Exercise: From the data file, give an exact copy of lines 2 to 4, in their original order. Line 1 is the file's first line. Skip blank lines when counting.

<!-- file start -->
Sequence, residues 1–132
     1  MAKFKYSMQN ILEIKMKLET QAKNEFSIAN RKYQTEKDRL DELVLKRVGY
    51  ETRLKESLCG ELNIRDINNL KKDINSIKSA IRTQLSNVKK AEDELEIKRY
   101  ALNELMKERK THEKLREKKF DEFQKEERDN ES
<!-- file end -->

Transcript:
     1  MAKFKYSMQN ILEIKMKLET QAKNEFSIAN RKYQTEKDRL DELVLKRVGY
    51  ETRLKESLCG ELNIRDINNL KKDINSIKSA IRTQLSNVKK AEDELEIKRY
   101  ALNELMKERK THEKLREKKF DEFQKEERDN ES